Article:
Aaron J. Zorn

Date of Award


Document Type


Degree Name

Master of Science


Department of Systems Engineering and Management

First Advisor

Alfred E. Thal, PhD.


The fast-paced work environment that exists today requires organizations to adapt quickly in order to sustain high performance. Research suggests that the use of high-performance work practices (HPWPs) in human resource management is a possible way to increase performance. As the United States Air Force continues to face decreasing budgets, possible fixes such as the use of HPWPs may be considered. This research used a phenomenological approach to collect data from civil engineer controllers throughout the Air Force about their experiences and perceptions. The purpose of the study was to investigate whether current human resource practices are potentially contributing to the perceptions of controllers. The results were analyzed and coded into overall themes. These collected data were compared to models of HPWPs to identify which practices could be altered to possibly increase performance. There were five key findings from this research. Controllers felt that there were too few senior leaders in the career field, there was an unawareness of their role by other squadron members, there was inconsistent employment and recognition of controllers, they needed advanced training, and there was a lack of standardized guidance.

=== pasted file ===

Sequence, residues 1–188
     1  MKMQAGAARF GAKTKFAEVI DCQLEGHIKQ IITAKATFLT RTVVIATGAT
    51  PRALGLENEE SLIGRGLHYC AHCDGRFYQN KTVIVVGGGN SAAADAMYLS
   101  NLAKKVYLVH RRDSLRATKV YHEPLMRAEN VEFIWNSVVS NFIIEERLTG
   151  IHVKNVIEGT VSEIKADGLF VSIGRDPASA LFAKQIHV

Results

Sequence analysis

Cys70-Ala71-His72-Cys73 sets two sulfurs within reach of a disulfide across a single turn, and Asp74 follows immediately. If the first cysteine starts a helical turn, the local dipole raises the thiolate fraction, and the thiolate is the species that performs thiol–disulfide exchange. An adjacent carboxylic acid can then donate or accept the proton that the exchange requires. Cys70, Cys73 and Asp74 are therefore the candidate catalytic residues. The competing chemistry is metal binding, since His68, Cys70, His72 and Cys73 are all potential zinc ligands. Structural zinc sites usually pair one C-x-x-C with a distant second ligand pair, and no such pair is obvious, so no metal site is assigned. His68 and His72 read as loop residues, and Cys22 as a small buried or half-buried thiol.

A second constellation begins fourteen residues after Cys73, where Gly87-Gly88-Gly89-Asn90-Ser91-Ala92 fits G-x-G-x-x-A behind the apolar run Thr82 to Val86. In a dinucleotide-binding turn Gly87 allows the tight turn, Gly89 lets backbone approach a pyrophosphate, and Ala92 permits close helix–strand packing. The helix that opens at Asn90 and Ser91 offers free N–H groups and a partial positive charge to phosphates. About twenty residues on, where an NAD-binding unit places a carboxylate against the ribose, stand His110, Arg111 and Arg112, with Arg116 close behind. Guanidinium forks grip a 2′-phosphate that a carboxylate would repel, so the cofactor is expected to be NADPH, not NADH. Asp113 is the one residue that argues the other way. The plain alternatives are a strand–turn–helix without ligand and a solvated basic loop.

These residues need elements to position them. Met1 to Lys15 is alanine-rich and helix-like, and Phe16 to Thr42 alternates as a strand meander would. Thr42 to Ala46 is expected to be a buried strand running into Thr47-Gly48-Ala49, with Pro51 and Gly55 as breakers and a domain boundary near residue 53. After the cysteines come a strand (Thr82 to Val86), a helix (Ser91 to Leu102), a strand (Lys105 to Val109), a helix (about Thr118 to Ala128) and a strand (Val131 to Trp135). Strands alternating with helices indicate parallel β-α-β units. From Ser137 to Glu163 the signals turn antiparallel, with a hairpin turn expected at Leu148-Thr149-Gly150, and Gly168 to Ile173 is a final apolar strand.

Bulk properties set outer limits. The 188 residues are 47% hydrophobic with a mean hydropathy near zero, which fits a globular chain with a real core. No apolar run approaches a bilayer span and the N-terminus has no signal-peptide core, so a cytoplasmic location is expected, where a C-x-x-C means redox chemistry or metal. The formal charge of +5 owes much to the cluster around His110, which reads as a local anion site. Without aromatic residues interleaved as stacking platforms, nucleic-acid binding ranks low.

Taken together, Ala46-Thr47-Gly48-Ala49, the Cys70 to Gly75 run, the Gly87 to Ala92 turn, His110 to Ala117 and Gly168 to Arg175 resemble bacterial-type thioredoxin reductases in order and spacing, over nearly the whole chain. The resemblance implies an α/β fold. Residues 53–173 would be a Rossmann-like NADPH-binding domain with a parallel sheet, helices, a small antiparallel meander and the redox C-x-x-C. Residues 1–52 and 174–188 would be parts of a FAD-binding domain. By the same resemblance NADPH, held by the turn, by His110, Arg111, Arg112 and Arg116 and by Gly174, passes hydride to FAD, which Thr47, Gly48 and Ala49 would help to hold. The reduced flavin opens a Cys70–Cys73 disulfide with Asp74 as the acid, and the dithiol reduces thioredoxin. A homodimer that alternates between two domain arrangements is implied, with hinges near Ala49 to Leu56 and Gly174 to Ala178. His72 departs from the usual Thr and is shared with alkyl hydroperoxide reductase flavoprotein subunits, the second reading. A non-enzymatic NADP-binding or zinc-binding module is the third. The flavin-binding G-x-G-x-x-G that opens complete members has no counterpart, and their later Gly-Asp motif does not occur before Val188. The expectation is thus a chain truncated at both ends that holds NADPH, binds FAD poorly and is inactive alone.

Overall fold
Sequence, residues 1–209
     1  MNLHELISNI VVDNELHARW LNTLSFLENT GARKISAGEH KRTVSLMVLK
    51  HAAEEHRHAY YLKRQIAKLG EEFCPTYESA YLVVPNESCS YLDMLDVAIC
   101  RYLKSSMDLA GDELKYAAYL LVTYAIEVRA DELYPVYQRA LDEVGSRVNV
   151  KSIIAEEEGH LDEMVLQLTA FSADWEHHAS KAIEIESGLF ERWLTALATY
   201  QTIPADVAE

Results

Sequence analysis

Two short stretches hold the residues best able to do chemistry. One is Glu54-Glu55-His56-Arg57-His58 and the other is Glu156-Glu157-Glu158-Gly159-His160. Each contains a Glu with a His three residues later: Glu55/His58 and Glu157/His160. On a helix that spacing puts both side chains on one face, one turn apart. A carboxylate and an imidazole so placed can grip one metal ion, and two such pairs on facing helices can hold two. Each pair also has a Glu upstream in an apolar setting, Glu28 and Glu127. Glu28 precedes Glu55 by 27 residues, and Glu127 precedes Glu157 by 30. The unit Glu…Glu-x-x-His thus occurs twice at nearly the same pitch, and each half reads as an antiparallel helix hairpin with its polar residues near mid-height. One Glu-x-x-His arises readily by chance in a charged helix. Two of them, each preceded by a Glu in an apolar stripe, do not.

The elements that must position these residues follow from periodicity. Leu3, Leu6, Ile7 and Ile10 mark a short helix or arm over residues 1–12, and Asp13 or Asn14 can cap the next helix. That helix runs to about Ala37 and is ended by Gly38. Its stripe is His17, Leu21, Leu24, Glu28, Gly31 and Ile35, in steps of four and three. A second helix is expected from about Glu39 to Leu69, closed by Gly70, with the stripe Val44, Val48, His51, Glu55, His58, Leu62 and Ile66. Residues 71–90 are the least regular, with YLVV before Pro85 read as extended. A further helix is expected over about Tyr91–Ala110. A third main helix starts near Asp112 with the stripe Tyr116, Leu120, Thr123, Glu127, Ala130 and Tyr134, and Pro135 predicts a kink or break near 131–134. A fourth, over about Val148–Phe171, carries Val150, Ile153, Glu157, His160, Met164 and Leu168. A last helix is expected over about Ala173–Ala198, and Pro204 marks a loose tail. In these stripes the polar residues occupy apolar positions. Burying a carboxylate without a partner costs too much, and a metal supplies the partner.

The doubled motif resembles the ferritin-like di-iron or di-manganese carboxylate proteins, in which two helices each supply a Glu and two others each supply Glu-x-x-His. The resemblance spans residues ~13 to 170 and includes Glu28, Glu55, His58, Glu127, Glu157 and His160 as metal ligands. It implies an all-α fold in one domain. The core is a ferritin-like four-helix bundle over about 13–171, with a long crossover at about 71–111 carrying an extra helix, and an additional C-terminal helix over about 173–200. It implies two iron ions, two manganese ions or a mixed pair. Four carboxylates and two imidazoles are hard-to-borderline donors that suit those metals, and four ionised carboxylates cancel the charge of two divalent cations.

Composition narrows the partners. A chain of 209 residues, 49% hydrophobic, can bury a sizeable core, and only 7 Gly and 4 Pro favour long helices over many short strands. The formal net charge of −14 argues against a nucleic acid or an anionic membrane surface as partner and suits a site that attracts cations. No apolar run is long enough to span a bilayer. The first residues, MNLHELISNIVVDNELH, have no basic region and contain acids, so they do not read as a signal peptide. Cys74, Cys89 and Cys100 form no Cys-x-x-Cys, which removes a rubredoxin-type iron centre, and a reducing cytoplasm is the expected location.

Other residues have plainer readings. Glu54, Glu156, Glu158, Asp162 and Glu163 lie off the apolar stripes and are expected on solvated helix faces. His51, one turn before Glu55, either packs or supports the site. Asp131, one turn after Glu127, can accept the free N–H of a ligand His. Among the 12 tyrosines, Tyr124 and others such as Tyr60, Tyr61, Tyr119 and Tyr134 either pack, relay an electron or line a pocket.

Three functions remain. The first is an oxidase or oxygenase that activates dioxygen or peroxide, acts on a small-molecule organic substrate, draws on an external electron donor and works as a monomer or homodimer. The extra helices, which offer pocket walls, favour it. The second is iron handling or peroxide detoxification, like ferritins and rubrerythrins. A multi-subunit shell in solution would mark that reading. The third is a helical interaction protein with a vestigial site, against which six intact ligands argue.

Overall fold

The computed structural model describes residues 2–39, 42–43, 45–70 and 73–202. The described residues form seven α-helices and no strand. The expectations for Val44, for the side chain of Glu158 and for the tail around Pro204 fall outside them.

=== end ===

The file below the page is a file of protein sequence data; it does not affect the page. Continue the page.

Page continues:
AFIT Designator


DTIC Accession Number